Acting in Plays, Singing/Help finding an audition song?
I'm currently 16 (17 in December), and am auditioning for a community theatre production of the musical Winesburg, Ohio. Hardly anyone has heard of it! The description of the show is: "Winesburg, Ohio is a coming-of-age musical set in a small mid-western town in the early 1900s. The apparently ordinary citizens of Winesburg unveil the tragedies and joys of their secret lives through a beautiful folk-inspired score. At their center is 18-year-old George Willard, who must choose between remaining comfortably in Winesburg or pursuing his artistic dreams in the big city."
I've been having a lot of trouble finding a 16 bar cut for this audition. Every song I picked couldn't have 16 bars cut, because they ended mid-verse or at an awkward moment. I.m looking for a song that shows off my talent and is memorable. I've made the mistake of choosing boring audition songs before and it didn't end very well. I don't know what my exact range is yet, but I do know I'm more comfortable singing mezzo, but I can hit a few notes that are higher up. I'm not really a belter either. I was thinking about I Dreamed A Dance from Next To Normal, but I'm afraid it might be a little too boring. Do you have any suggestions?
Hi, Meghan --
Thank you for the question.
The range of a standard mezzo-soprano is a two octave stretch between A3 and A5. The vast majority of Broadway repertoire written for standard mezzos sits between A3 and C5. The lower voiced mezzos (or contraltos) sing to F3. There are other examples, of course, which go higher and lower.
I would not suggest a song from NEXT TO NORMAL for this audition.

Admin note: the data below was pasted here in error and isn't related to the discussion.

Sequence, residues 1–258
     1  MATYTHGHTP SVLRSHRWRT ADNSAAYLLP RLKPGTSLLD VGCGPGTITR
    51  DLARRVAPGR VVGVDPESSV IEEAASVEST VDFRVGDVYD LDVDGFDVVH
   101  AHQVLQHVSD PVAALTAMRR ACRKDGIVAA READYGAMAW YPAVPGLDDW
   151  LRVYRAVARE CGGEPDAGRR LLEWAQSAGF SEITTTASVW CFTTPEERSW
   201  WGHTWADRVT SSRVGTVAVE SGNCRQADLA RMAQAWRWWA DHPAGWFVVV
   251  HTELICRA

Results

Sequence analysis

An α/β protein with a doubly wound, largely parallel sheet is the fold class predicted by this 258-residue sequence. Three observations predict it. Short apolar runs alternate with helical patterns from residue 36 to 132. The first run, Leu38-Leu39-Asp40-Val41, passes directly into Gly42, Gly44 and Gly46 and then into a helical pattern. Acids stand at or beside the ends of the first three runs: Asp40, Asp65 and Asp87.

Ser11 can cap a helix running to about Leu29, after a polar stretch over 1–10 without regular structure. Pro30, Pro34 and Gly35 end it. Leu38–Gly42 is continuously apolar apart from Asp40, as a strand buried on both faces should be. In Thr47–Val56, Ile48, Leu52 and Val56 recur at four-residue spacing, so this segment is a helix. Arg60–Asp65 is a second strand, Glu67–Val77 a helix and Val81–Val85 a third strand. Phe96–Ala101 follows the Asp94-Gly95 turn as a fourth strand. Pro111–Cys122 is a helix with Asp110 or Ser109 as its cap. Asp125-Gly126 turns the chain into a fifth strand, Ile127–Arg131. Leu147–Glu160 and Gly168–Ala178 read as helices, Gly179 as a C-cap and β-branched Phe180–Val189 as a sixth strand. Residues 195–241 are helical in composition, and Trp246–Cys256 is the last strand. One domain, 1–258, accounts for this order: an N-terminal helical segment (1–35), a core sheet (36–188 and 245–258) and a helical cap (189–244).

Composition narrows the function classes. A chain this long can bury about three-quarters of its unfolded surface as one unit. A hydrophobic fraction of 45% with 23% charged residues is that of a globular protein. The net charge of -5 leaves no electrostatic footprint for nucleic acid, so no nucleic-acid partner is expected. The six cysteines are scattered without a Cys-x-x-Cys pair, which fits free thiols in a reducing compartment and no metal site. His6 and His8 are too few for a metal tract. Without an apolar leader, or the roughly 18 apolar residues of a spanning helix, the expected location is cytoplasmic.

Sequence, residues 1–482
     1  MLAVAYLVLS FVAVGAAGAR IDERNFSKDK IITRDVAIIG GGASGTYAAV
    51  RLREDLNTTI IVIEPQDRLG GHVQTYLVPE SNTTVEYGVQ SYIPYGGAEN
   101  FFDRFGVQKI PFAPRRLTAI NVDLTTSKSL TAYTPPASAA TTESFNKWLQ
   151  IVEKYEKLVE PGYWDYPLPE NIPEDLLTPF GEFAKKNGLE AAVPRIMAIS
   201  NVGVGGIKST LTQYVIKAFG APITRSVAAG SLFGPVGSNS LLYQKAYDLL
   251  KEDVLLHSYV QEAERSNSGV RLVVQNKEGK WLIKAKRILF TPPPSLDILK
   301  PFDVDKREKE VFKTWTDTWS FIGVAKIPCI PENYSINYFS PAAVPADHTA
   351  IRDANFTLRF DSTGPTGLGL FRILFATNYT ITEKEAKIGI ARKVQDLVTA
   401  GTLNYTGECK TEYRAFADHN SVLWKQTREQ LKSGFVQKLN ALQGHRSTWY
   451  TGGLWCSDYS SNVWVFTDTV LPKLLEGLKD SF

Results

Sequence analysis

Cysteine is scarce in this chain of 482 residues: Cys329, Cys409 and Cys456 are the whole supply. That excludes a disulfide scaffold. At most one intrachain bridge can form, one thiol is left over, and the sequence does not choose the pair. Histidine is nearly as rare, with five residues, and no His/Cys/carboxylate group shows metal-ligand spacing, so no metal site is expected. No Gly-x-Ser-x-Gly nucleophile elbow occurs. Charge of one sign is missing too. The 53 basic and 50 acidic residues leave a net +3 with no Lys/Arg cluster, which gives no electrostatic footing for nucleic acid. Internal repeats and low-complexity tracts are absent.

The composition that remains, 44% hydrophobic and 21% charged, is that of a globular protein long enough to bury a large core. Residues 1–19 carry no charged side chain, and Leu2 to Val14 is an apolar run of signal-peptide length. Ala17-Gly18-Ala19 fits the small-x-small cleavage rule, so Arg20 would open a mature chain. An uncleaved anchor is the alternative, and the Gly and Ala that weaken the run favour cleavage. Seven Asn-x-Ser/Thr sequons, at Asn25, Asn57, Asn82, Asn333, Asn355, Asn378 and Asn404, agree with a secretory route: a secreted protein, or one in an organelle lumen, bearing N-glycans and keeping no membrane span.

The vocal selections from WINESBURG, OHIO are not available. But the lyricist says that the songs reflected folk music from the 1920s and ‘30s.
If the audition notice does not specifically indicate a “Broadway song” -- but does state that you bring your sheet music in the key of your choice -- then you have a bit wider choice of material. Consider some popular ballads from that period or songs from films about that period. Below are some titles listed in the “Great American Songbook”:
I’m Always Chasing Rainbows -- by Joseph McCarthy and Harry Carroll
Consider transposing to E-flat
Alice Blue Gown -- by Joseph McCarthy and Harry Tierney
Consider transposing to B-flat
You Were Meant For Me -- by Arthur Freed and Nacio Herb Brown
Consider transposing to E-flat or D Major
Somebody Loves Me -- by George Gershwin
Consider transposing to F Major
One way to choose your 16-measures is to count backwards from the last measure. Don’t worry about how long the final note may last, i.e., an extra measure or two. Most standard songs (not including the Introduction) are 32 measures long. If you sing an extra couple of measures, no one is going to stop you.
If there is an ingenue role, then you are the perfect age. Your job at this audition (for a show without any recording or published material) is to prove that you can carry a tune in your range, and be heard and understood by the audition panel. If you are what the producers are looking for, they will know it before you open your mouth.
I am a vocal coach to working singers in the San Francisco Bay Area.
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